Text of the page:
• Recovery: quickly repair any damages that arise due to cybersecurity so that normal organizational operations can resume without excessive delay or compromise.

Before moving on to CSF profiles, we note that not every one of the functions described in the CSF core is intended to be performed continuously. The processes of governing, identifying, protecting, and detecting are continuous whereas response and recovery are reactive, conducted in accordance with and in response to novel cybersecurity incidents.

Moreover, each of the CSF core functions is mapped onto several categories, which are further mapped onto subcategories—a discussion of these topics would be exhaustive, so if readers wish to gain a more comprehensive understanding of the CSF Core, we recommend that they review Appendix A of the NIST CSF directly.

CSF Profiles

CSF Profiles aim to address the following question: how prepared is your organization to execute core CSF cybersecurity outcomes in consideration of its mission objectives, stakeholder expectations, threat landscape, and requirements? In this context, the overarching goal of a CSF Profile concerns an organization’s ability to prioritize the most important cybersecurity activities and communicate their significance with key stakeholders.

CSF Profiles are split up in two categories:

  1. Current Profile: indicates the current CSF outcomes achieved or in progress, and the process and/or means by which achievement is occurring.
  2. Target Profile: indicates the target CSF outcomes and any required changes, updates, or revisions to an organization’s cybersecurity strategy and/or structure as a consequence of these target outcomes.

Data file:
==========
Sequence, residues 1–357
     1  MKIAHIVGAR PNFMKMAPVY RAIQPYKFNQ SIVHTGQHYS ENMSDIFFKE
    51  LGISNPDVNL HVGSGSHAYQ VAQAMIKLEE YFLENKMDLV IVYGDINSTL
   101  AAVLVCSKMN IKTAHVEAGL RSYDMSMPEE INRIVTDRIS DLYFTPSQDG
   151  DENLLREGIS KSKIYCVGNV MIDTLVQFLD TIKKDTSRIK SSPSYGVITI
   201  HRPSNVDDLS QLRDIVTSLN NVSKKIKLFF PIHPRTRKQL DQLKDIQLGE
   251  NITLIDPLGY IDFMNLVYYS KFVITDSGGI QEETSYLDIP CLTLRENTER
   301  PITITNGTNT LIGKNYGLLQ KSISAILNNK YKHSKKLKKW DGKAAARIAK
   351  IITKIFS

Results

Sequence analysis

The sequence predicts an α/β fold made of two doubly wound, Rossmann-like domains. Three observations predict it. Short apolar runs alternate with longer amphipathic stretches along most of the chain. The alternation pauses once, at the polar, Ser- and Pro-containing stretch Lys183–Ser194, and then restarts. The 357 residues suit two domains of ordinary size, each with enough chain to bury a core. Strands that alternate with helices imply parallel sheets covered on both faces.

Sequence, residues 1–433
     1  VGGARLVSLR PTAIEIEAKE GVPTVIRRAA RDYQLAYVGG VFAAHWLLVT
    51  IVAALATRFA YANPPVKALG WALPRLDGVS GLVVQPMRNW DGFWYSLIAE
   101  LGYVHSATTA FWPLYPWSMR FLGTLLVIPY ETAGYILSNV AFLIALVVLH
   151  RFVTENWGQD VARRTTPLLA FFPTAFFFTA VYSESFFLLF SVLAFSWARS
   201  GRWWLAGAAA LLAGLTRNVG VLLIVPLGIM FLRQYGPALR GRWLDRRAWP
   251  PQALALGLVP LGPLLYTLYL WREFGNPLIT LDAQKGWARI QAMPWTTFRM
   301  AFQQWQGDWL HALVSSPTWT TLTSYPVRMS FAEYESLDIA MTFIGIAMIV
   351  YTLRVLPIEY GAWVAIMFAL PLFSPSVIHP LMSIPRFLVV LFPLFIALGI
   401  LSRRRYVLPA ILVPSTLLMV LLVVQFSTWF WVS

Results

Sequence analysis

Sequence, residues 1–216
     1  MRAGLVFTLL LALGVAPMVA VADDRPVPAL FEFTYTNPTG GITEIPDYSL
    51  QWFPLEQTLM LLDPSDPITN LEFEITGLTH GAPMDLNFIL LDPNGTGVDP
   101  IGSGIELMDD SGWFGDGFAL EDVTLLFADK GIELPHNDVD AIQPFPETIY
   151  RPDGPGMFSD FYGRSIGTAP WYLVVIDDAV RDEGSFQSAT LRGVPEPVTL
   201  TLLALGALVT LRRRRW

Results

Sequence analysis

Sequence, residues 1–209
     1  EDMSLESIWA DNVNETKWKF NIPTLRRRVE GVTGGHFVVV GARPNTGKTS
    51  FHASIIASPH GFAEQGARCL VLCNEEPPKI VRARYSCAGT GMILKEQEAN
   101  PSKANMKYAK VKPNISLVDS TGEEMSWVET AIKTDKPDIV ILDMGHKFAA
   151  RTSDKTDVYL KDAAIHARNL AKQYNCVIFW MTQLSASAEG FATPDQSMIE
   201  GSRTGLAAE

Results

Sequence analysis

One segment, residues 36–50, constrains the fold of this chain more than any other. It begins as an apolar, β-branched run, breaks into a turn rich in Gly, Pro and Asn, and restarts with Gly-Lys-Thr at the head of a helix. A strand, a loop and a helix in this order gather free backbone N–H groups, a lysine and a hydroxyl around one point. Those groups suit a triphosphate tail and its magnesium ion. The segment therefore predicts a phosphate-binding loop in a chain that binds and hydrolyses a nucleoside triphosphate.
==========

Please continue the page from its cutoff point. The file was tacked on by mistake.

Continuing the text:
When developing a CSF Profile, organizations can also draw from NIST’s pre-established community profiles, which can provide an effective starting point—for target profiles—given that they are customized for specific sectors, technologies and threat types. More specifically, however, there are five steps organizations should follow when creating their CSF Profile:

  1. Scope: determine the scope of the organizational profile or profiles. High-level profiles and domain-specific ones can be developed for one organization. For instance, an organization could indicate organization-wide cybersecurity objectives while also defining objectives at the scale of individual departments.
  2. Information: understand and identify the information that will underlie the organizational profile, such as internal policies, cybersecurity requirements, work roles, and best practices and/or tools.